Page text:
As you know if you've read this blog, I have a great deal of antipathy toward the way many employees are treated in Corporate America, so I won't rehash it now. But seen particularly in light of the first reading we referenced - Matthew 24 - we can see that respect is the key component that is missing from so much of employer-employee relations. One could argue that it is a two-way street, and to a certain extent they'd be correct. But remember that there is always a different dimension to respect when it is transmitted from the powerless to the powerful. The employee's respect often hinges on a degree of reciprocity, and when the employee sees a lack of respect from the employer through unjust, unfair, or even illegal management, that respect which is naturally due the employer will erode until in culminates in labor unrest. For an example, see any particular strike over the past hundred years or so.

The employee begins to see himself as nothing more than a unit of commerce. Rather than being an individual, he becomes a statistic, judged not on his humanity but on his utility - his usefulness. And in this respect the employee is no different from the star athlete.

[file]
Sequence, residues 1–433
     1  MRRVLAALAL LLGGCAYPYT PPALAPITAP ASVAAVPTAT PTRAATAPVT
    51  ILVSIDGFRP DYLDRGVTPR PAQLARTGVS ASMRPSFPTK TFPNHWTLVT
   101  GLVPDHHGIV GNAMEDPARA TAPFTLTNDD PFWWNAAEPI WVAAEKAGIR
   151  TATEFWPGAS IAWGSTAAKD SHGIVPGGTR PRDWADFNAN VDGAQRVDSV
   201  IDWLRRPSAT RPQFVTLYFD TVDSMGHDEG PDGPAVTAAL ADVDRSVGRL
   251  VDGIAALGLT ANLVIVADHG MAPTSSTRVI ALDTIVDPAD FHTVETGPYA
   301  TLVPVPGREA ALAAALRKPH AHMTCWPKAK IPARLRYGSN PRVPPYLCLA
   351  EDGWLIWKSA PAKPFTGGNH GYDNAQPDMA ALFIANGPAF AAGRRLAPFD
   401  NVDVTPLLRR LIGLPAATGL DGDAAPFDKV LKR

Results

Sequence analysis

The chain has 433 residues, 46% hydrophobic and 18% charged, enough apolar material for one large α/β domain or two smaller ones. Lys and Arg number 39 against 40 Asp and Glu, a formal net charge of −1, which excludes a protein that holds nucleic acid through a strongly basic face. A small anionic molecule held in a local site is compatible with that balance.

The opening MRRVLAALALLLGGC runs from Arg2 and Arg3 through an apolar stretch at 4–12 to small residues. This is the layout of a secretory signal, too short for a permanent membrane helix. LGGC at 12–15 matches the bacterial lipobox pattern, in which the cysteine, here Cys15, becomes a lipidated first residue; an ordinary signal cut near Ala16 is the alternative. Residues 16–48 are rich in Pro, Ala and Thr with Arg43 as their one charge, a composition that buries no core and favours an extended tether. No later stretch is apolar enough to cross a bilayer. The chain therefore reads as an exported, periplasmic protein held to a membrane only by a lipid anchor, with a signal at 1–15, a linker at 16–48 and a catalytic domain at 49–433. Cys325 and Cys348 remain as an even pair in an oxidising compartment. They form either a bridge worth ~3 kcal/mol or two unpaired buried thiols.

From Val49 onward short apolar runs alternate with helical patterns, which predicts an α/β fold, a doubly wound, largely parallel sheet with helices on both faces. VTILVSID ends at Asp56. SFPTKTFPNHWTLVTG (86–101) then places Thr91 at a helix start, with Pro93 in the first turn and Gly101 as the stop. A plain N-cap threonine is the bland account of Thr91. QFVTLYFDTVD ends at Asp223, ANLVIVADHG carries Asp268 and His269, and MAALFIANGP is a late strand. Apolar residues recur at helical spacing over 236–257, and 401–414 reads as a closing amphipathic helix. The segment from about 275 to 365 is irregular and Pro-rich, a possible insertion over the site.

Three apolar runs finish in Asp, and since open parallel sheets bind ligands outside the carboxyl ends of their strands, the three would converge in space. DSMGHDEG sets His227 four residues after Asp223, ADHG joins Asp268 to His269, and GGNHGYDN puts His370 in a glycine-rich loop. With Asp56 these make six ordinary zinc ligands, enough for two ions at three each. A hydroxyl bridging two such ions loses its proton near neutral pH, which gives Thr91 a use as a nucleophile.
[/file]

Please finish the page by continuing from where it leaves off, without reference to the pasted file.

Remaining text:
We saw a young football player for the San Francisco 49ers die last week. We still don't know why he died, but one of the prime suspects is his weight - at 6'3", he weighed over 320 pounds. A large percentage of football players are described as clinically obese (just how large the percentage is depends on the methodology, taking into consideration body fat and muscle). That may not be healthy, but as football as evolved sheer bulk, rather than talent, has become increasingly important. Whereas players often played both offense and defense into the late 50s - which required coaches to teach skills that players might not naturally have - today rosters have expanded to over 60 players, even though only 11 can be on the field at one time. Specialization has removed the need for teaching; at some positions size has superceded skill. It is now the skill of the coach that has become important - coaches have television shows, endorsement deals, cameras focused on them all the time - and the players are little more than his tools.